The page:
When I read about or watch an online video on technology, it’s usually under the auspices of a company such as Cisco or IBM. One such subject is “The Internet of Things,” about devices that can transmit data across the Web — autonomic systems that enable devices to ‘talk’ to each other. For example, one can enhance the user experience of a transport system whereby the actual time of arrival of a bus to a specific stop is transmitted to the rider in advance.
This wasn’t just any advertising conference. It was a clear call to action to marketers, brand and advertising managers, creative leads, public relations and media professionals.
The agenda read like a conference on technology futures: Wikibrands, gamification, ZMOT [Zero Moment of Truth], SoLoMo [Social Local Mobile], F-commerce, iOS and Isis. I knew Isis as the ancient Greek goddess worshiped as the ideal mother, not as a mobile payment system or a mobile wallet, a joint venture between AT&T, Verizon and T-Mobile. iOS? Well, that’s Apple’s mobile operating system. If you prefer, it’s computer software.
So what’s really going on here? Are various business disciplines merging together? Is this the rise of something one might call Marketing Technology, where the CMO and CIO work together to drive their company’s advertising and branding efforts? Is this about developing real time media plans and defining both the optimal media and mobile technology mix?
Consider the following sound bites from the slate of world-class speakers:
Kurt Karlenzig and Michael Oliver, The Marketing Store Worldwide: “Products, services and campaigns are being brought together in the mobile environment – the key is choosing the technology mix…”
Charly Pall, Google Canada: “ZMOT – 86% of Canadian consumers research product online pre-purchase… this is where competition for digital shelf space is taking place…”
Gian Fulgoni, comScore: “Cookies are not people…clicks are a small and declining segment of internet users…”
Paul Price, Creative Realities: “Throw away your marketing plan…think technographics not demographics.”
Steve Rubel, Edelman: “In this Web era of validation, it’s time to integrate messages across all media…traditional, owned, hybrid, & social…”
The main takeaway of the conference was that it’s time to re-tool the marketing mix. For example, P&G coined the term FMOT [First Moment of Truth] in 2005, this was when 3-7 seconds to make a buying decision in-store mattered. Managing the ZMOT in the age of pre-purchase decision-making on the internet has become a new critical success factor.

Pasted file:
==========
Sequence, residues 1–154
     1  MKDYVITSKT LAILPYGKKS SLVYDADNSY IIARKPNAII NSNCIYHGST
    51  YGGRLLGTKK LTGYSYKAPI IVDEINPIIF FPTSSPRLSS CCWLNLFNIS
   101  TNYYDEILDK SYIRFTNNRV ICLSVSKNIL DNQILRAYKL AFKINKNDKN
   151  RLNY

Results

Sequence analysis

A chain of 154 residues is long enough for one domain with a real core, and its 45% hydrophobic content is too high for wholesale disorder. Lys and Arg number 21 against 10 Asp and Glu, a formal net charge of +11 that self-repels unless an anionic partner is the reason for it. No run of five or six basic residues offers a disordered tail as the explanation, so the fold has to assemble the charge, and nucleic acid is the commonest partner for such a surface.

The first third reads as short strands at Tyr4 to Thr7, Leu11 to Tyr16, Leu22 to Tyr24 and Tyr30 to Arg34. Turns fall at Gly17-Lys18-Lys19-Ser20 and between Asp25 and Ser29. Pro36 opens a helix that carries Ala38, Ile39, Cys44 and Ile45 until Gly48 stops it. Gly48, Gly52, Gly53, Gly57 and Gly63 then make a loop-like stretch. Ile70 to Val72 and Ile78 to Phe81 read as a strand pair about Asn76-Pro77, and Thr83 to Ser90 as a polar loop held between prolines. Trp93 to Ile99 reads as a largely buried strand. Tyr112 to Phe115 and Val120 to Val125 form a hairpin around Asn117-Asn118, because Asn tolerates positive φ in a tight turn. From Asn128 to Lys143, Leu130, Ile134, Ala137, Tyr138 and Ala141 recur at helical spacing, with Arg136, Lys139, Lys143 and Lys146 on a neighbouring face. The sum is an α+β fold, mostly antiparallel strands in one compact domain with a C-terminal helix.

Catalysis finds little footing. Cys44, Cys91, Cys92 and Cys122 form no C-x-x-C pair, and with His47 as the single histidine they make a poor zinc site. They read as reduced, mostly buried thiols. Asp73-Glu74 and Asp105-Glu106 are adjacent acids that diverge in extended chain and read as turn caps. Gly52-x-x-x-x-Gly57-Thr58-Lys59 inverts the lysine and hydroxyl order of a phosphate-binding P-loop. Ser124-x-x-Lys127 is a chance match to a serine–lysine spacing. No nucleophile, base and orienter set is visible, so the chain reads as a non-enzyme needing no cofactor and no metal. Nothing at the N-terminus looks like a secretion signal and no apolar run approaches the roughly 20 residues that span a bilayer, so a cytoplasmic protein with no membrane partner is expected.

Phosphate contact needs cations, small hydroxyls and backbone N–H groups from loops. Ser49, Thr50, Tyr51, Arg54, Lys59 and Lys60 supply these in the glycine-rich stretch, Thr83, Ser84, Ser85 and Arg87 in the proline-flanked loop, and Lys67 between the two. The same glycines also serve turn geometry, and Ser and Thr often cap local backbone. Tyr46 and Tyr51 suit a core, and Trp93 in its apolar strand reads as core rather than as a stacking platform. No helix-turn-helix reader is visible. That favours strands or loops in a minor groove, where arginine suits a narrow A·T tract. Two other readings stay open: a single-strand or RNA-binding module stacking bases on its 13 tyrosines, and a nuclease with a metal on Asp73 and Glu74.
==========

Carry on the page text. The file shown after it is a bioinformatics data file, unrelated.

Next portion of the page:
As Sean Moffitt of Wikibrands advocated, put aside the 6Ps, it’s time to think of the 13Es — experience, entertainment, exchange, etc. — the new brand levers of the 21st century. This sentiment was echoed by Paul Price in similarly advocating a 21C customer experience model involving storytelling and platforms.
The digital era is the new Opt-In era. Consumers choose their own media in which to engage with a brand. Consumers are also very savvy when it comes to technology as they practice cross-platform consumption using a broad array of devices, from laptops to tablets and smart phones. Consumers do three main things: browse, access and download content. They also transact.
The digital age is about the speed of change and having real-time media plans, metrics and methods to keep in step with the consumer’s dreams. This is also about consumers taking control of and changing the conventional view of their purchase process as they actively research your and your competition’s brands on the internet and get results at the speed of light.
Make no mistake, you can still control your brand, but now you have to take on a new set of skills, design new processes and make new investments that will keep you in step with our technological society and fulfill consumers’ dreams. This Opt-In era for consumers implies zero-option for advertisers to embrace marketing technologies and provide digital experiences that drive engagement.
As someone once said to me, “The customer is saying: if you don’t build me a process, I will do it myself. Either way, I will be the one who decides whether or not you and your brand get an invite to my party.”